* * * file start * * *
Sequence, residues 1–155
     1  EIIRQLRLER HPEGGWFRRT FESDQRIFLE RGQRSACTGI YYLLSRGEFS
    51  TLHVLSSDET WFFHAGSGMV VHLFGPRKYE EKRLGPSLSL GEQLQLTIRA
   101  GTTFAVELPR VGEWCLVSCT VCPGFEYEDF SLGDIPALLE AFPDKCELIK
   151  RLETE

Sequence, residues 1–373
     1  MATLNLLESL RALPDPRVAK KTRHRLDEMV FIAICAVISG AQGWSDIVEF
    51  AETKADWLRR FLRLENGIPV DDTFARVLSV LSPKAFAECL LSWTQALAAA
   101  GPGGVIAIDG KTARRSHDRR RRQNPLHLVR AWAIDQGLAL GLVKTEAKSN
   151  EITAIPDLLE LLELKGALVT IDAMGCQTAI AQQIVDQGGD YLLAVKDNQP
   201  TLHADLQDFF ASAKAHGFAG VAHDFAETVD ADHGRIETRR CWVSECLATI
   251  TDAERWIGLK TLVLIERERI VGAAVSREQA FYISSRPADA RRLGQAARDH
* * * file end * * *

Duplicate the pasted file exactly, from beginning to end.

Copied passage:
Sequence, residues 1–155
     1  EIIRQLRLER HPEGGWFRRT FESDQRIFLE RGQRSACTGI YYLLSRGEFS
    51  TLHVLSSDET WFFHAGSGMV VHLFGPRKYE EKRLGPSLSL GEQLQLTIRA
   101  GTTFAVELPR VGEWCLVSCT VCPGFEYEDF SLGDIPALLE AFPDKCELIK
   151  RLETE

Sequence, residues 1–373
     1  MATLNLLESL RALPDPRVAK KTRHRLDEMV FIAICAVISG AQGWSDIVEF
    51  AETKADWLRR FLRLENGIPV DDTFARVLSV LSPKAFAECL LSWTQALAAA
   101  GPGGVIAIDG KTARRSHDRR RRQNPLHLVR AWAIDQGLAL GLVKTEAKSN
   151  EITAIPDLLE LLELKGALVT IDAMGCQTAI AQQIVDQGGD YLLAVKDNQP
   201  TLHADLQDFF ASAKAHGFAG VAHDFAETVD ADHGRIETRR CWVSECLATI
   251  TDAERWIGLK TLVLIERERI VGAAVSREQA FYISSRPADA RRLGQAARDH